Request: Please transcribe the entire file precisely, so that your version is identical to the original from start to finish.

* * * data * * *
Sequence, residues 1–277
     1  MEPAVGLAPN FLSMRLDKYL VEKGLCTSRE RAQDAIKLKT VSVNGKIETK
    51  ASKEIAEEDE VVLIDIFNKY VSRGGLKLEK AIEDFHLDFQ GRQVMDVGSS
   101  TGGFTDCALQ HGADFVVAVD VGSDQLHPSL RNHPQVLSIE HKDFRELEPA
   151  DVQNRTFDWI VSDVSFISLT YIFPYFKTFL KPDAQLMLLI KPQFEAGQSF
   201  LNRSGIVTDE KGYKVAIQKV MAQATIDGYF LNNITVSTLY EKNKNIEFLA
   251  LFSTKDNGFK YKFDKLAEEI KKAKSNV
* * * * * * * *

Sequence, residues 1–277
     1  MEPAVGLAPN FLSMRLDKYL VEKGLCTSRE RAQDAIKLKT VSVNGKIETK
    51  ASKEIAEEDE VVLIDIFNKY VSRGGLKLEK AIEDFHLDFQ GRQVMDVGSS
   101  TGGFTDCALQ HGADFVVAVD VGSDQLHPSL RNHPQVLSIE HKDFRELEPA
   151  DVQNRTFDWI VSDVSFISLT YIFPYFKTFL KPDAQLMLLI KPQFEAGQSF
   201  LNRSGIVTDE KGYKVAIQKV MAQATIDGYF LNNITVSTLY EKNKNIEFLA
   251  LFSTKDNGFK YKFDKLAEEI KKAKSNV